The high court on Oct. 11 denied without comment a petition for a writ of certiorari by J. Michael Farren, who served as deputy White House counsel during the George W. Bush administration and was Xerox’s general counsel from 2003-07. Last summer, Farren petitioned the Supreme Court to hear his appeal of the civil default judgment, which was entered by a Connecticut trial judge in 2013 after Farren failed to show up for the trial.
“We are finally at the point where Mr. Farren has exhausted his legal options, and this case can be closed once and for all,” said Ernest Teitell, a partner with Silver Golub & Teitell in Stamford who represented the ex-wife, Mary Margaret Farren. “He tried for years to manipulate the legal system by playing games to delay the proceedings and prevent us from getting justice. That game is now finally over.”
Farren was convicted two years ago of attempted murder two days after his then-wife served him with divorce papers. Farren strangled her and beat her, first with his fists, and then with a metal flashlight, inflicting traumatic brain injuries and facial fractures. He is currently serving a 15-year prison term. Farren’s ex-wife is an attorney who, before the attack, was of counsel at Skadden, Arps, Slate, Meagher & Flom in Washington, D.C.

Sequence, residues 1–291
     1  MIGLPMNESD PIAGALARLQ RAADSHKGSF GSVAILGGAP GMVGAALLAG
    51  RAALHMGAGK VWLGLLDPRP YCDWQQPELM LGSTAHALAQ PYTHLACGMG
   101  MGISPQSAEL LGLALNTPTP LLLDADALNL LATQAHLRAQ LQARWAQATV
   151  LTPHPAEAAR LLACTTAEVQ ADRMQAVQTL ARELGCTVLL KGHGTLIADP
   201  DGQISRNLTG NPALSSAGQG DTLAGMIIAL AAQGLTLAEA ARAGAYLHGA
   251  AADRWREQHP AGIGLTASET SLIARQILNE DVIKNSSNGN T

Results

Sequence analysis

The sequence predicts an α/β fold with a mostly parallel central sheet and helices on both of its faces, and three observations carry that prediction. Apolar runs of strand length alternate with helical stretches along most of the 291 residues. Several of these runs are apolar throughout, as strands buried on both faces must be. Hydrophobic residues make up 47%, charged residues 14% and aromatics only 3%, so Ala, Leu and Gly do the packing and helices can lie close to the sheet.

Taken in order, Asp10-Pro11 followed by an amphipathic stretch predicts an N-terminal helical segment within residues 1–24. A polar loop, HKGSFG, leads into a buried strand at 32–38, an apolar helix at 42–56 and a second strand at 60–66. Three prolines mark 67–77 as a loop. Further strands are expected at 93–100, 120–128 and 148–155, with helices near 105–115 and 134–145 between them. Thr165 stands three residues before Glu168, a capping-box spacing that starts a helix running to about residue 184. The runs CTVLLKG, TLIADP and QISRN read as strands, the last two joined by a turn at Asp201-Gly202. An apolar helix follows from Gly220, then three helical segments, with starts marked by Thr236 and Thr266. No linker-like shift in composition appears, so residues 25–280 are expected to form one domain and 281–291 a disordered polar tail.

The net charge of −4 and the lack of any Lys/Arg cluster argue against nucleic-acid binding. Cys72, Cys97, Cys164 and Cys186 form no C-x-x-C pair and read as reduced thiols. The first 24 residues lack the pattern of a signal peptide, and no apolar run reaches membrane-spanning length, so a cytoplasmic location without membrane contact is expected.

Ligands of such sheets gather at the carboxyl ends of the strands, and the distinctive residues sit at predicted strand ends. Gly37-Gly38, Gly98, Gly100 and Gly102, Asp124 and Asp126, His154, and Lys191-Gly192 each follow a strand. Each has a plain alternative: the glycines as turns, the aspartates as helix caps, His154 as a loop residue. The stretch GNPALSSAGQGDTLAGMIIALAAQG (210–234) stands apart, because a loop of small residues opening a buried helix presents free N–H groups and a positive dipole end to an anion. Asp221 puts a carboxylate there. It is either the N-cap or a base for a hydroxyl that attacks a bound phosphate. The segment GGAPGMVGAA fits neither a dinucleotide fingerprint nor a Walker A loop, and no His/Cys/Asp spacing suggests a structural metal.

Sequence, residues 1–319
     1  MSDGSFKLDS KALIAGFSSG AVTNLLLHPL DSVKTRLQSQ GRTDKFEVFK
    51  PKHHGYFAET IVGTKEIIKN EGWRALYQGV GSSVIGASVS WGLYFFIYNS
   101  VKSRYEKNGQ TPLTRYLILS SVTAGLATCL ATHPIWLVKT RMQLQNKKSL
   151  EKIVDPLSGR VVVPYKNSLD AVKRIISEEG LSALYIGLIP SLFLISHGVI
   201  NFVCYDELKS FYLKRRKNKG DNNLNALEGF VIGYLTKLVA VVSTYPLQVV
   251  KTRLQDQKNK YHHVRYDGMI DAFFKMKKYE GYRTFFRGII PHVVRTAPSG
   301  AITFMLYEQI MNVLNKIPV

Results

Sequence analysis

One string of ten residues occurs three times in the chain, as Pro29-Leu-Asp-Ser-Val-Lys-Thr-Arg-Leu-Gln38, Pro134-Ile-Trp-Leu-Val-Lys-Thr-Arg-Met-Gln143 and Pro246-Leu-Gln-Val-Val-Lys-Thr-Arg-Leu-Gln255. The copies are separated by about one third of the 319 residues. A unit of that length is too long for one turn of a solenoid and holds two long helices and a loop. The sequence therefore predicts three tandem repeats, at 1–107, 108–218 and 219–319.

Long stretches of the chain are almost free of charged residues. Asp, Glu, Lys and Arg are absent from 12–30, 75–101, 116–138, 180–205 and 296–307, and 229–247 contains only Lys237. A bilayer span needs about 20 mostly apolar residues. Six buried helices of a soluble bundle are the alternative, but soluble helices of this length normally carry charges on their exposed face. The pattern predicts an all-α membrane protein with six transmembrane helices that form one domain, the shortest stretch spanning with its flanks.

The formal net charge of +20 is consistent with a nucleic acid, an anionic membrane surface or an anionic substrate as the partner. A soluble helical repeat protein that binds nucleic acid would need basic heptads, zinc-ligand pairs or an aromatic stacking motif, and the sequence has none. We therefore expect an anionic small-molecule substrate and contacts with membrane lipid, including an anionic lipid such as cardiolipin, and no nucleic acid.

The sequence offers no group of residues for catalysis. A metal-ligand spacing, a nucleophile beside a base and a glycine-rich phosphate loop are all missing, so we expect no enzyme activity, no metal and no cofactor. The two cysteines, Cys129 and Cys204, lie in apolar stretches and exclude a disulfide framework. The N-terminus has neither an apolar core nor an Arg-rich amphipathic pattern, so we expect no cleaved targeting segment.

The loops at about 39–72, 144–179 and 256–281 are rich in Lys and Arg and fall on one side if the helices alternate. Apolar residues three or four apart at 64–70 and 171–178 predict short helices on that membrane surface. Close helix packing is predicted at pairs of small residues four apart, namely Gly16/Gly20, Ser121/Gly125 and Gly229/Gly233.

Farren represented himself in the civil litigation before his conviction. He failed to appear on the day the trial began. His attorneys later told the Connecticut Law Tribune that Farren was suicidal and was involuntarily committed to a Connecticut psychiatric hospital, where he was cut off from all communication.
But Farren never provided the court with a letter from his treating physician substantiating that claim.
Glastonbury attorney Emily Gianquinto of EAG Law, who is listed as Farren’s counsel on the Supreme Court certiorari petition, could not be reached for comment.